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This piece of code lists the size of every file and subdirectory of the current directory, much like du -sch ./* except the output is sorted by size, with larger files and directories at the end of the list. Useful to find where all that space goes.


du -sk ./* | sort -n | awk 'BEGIN{ pref[1]="K"; pref[2]="M"; pref[3]="G";} { total = total + $1; x = $1; y = 1; while( x > 1024 ) { x = (x + 1023)/1024; y++; } printf("%g%s\t%s\n",int(x*10)/10,pref[y],$2); } END { y = 1; while( total > 1024 ) { total = (total + 1023)/1024; y++; } printf("Total: %g%s\n",int(total*10)/10,pref[y]); }'


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hpt
why "x = (x + 1023)/1024", it should be "x = x / 1024" I think ...
Posted 2008-09-18 10:42:38
treadwm
How about

du -ks ./* | sort -n

instead?
Posted 2008-11-11 17:57:40
j0rn
even :

du -ksh ./* | sort -n

prints quite the same result
Posted 2009-02-18 17:23:14
spud
du -ksh ./* | sort -n gets close, but doesn't sort files of different size classes correctly, for example I get:
1.2M    ./Folder1
4.3G    ./Folder2
301M    ./Folder3
640K    ./Folder4
680K    ./Folder5

I made an attempt that doesn't use any math, but as a result you don't get the total size for the current directory, which I miss. (You could of course just run another du -sh, but that would take a lot longer than the posted script.  Anyway, here's my version for the fun of it, but I'll still stick with the OP.  Thanks, I love it!

alias dstat="du -sh ./* | sed -e 's/^\([0-9\.]*\)K/A \1/g' -e 's/^\([0-9\.]*\)M/B \1/g' -e 's/^\([0-9\.]*\)G/C \1/g' -e 's/^\([0-9\.]*\)T/D \1/g' | sort -k1.1,1.2d -k2n | sed -e 's/^A \([0-9\.]*\)/\1K/g' -e 's/^B \([0-9\.]*\)/\1M/g' -e 's/^C \([0-9\.]*\)/\1G/g' -e 's/^D \([0-9\.]*\)/\1T/g'"
Posted 2009-02-27 06:08:38
kap4lin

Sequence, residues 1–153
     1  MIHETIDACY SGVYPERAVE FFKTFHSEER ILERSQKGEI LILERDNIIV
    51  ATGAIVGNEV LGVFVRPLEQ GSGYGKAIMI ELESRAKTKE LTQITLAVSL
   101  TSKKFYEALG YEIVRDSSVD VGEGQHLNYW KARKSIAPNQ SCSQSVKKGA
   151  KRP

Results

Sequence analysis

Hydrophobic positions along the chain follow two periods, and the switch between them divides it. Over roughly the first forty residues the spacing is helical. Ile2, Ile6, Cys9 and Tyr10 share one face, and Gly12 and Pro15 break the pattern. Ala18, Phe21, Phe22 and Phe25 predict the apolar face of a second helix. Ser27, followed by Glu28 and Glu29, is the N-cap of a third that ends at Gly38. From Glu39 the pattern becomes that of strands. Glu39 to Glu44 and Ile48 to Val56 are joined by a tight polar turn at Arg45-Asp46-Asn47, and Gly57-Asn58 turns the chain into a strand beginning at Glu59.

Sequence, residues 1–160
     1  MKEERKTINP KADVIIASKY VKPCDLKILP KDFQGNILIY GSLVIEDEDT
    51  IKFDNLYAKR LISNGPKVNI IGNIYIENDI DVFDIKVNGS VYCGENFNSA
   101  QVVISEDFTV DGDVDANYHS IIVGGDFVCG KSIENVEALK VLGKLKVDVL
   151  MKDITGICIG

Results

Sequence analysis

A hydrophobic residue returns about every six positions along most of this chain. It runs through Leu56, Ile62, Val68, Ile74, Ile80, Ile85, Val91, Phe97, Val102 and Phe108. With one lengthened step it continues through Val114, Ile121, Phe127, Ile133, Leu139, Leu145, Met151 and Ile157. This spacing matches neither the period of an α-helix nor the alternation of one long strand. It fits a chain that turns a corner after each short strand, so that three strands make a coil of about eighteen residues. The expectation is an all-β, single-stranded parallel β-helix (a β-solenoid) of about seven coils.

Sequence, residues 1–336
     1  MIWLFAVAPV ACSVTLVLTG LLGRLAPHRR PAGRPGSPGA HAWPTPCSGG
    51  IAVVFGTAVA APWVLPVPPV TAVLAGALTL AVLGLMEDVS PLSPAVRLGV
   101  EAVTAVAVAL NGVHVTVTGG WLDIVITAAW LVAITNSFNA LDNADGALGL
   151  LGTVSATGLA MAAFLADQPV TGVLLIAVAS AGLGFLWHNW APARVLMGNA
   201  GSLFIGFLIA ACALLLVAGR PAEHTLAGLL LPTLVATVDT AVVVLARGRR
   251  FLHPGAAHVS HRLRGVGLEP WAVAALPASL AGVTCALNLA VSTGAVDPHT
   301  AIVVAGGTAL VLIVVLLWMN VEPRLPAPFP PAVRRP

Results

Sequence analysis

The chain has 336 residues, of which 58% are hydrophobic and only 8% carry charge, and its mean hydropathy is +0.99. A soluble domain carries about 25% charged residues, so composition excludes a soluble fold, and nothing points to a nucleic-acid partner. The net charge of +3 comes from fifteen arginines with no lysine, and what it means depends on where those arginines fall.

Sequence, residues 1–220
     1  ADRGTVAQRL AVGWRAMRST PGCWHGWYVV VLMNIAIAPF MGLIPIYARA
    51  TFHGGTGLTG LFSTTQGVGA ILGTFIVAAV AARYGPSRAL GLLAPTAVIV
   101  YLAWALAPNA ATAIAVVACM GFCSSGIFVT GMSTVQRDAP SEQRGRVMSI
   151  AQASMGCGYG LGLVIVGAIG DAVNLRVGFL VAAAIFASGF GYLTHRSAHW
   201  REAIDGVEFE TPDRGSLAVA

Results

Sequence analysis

The '$2' in awk will not print the entire filenames. Also, the math there is not correct - doesnot match with individual du -sh values!

I like spud's solution which I modified to:

find . -maxdepth 1 -type d -print0 | xargs -0 du -sh | sed 's/^\([0-9\.]*\)\([KMGT]\)/\2 \1/;s/^G/N/' | sort -k1.1,1.2d -k2n | sed 's/^N/G/;s/^\([KMGT]\) \([0-9\.]*\) *\(.*\)/\2 \1 \3/' | awk '{printf("%5.1f %c  %s\n",$1,$2,gensub(/^[[:digit:]\. ]* [KMGT][ \t]*/,"",""))}'

You may remove '-type d' to get all files and dirs (but not recursing). Also, in spud's solution, no need to change K, M, and T; 'G' is the only odd ball!
Posted 2009-04-29 22:10:22
jaybeegee
The above complex solutions are ridiculous.

When using du you can specify more than one pattern match, so the simplest solution is

du -ks ./* ./.* | sort -n

which will show everything in kilobytes.

(use -ms for megabytes)
Posted 2009-05-24 18:50:27
jaybeegee
actually the above should be

du -kscx * .[^.]*  | sort -n
Posted 2009-05-28 11:19:07
gnu
Damn! I wrote this myself

$ type dusa
dusa is a function
dusa ()
{
   du -a --max-depth=1 | sort -n | awk '{
               sub("./","",$2);
               size=$1;
               $1="";
               unit="K";
               if (size >= 1024)
               {
                       size = size /1024;
                       unit="M";
               }
               if (size >= 1024)
               {
                       size = size /1024;
                       unit="G";
               }
               printf "%6.1f%s %s\n",  size, unit, $0;
       }'
}

A bit later I heard about the program ncdu (http://dev.yorhel.nl/ncdu). It's really cool.
Posted 2009-06-07 10:46:34
elvis
This only works with GNU Coreutils:

du -k --max-depth=1 | sort -rgb

The "--max-depth" flag saves a lot of unecessary scripting fluff compared to non-GNU versions.

Likewise, the "sort -rgb" is GNU-only.  "sort -rn" is the equivalent elsewhere.
Posted 2009-06-14 07:01:09
selivan
du ./* | sort -n | cut -f 2 | du -ch

Exactly the same, with K, M and G modifyers. Works with GNU coreutils
Posted 2011-05-26 07:21:39

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